Mophorn Button Maker review


REVIEW – As a band mom, I’m called upon to do a lot of things, but probably the most important one is to help fundraise for the marching band.  Pre-pandemic some of the band moms tossed around the idea of making buttons to sell, but none of us had any button making experience.  I thought trying out the Mophorn Button Maker would be a perfect opportunity to experiment with this craft and see if it’s something we can use as a fundraiser for next year.

What is it?

The Mophorn Button Maker is a button maker with supplies to make 500 buttons that are 25mm (about an inch) in diameter.


What’s the box?

  • The Mophorn Button Maker in a few parts
  • Some Allen wrenches help put it together
  • Some instructions
  • Pin button parts (blanks, plastic circles, and pin backs)
  • A circle cutter with several spare blades


So easy. The box comes well packed but the machine is made of cast iron and stainless steel and could survive a drop from a very tall building.  Basically, all you need to do is screw the press onto the base with a couple of supplied bolts and screw in the handle.  Then you slide on the molds that actually hold the parts of the button while you’re making them.  I looked at the instructions but I didn’t need to – there’s pretty much only one way this thing goes together.


It turns out that the hardest part about making buttons is designing them.  The learning curve is not that high.  The instructions gave clear measurements on how big your design could be, how big the overlap (to wrap around the button) needed to be, and how big to cut your design.  This button machine makes buttons that are a little under an inch wide, so you don’t have a lot of area to work with.  I tried to make one with print that says “What’s the football team doing on the band field?” and I designed it in MS Word and then printed it out on some photo paper so the design was bright and sharp.  It looked cute, but the print is hard to read because it’s so small.   I also made a couple of designs of just musical instruments, and those looked better.  I made a few more with fewer words and those looked big enough to read.  My advice is to carefully pick the size button maker that you think you’ll need because most are not interchangeable.  If I wanted to make buttons that are an inch and a half in diameter, I would need to buy a whole new machine.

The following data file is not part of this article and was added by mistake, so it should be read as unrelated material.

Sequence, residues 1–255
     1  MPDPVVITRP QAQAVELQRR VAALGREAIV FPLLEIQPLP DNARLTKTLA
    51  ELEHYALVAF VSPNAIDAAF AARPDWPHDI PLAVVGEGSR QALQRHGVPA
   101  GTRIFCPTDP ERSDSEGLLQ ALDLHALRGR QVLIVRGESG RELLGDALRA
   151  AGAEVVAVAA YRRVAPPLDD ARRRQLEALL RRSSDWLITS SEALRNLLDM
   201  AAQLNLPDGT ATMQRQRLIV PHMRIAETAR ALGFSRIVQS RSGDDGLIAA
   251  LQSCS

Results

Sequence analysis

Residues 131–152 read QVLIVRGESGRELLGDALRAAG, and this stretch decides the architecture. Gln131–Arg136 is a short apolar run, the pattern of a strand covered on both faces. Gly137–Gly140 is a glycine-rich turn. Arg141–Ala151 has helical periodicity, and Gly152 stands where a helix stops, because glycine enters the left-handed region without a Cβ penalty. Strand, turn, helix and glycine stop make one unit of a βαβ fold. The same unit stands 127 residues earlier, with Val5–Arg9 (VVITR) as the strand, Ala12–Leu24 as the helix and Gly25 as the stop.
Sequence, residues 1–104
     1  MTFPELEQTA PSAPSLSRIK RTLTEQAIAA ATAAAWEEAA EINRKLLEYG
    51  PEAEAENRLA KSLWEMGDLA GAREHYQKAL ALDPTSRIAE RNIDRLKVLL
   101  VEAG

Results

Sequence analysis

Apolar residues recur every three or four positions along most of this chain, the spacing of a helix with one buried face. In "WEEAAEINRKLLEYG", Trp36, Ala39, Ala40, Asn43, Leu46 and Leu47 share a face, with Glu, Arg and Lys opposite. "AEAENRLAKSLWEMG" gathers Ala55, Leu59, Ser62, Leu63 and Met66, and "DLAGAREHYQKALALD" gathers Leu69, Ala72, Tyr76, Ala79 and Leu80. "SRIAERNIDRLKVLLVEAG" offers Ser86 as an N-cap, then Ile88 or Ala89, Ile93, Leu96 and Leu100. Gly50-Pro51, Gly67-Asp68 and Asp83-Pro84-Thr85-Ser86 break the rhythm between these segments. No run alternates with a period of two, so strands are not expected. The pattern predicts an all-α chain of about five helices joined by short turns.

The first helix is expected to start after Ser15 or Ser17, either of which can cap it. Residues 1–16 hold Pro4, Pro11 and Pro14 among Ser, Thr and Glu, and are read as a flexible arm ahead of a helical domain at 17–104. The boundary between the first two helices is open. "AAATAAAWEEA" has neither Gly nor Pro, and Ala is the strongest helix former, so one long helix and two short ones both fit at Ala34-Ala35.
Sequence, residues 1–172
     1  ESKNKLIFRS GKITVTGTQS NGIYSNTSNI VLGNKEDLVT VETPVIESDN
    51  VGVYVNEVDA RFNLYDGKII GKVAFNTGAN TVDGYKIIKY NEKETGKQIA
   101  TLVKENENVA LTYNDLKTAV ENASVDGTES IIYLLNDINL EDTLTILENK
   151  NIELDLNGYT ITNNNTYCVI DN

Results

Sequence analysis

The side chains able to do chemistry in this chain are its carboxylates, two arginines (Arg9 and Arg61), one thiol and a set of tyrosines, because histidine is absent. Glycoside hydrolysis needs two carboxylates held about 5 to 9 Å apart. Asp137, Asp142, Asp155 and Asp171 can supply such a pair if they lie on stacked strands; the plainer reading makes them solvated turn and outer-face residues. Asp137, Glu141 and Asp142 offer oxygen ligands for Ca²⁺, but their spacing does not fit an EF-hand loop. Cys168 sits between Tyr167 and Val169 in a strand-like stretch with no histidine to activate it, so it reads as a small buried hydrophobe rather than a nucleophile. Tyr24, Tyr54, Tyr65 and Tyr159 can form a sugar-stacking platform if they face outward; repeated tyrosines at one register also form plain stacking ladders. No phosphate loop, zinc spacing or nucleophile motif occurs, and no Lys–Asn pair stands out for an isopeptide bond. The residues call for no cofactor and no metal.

Also, I used MS Word just because it was easy for me, but I imagine you could make some great designs in other applications such as Canva or Photoshop.  I would also do a web search for button templates because I found some sites with some great tips and downloads to help you get started with whatever size machine you’re using.



After you print your design, you need to cut it out.  I used the circle cutter that they included and my own cutting board.  If you don’t have a cutting board, I’d recommend using a layer of cardboard or something to protect your work surface because the circle cutter is quite sharp.  It’s adjustable, so I just adjusted it down based on the template in the instructions.  I only made a few buttons so my circle cutter stayed very sharp, but they include a few extra blades so I imagine you could go a long time working with it before you have to buy a new one.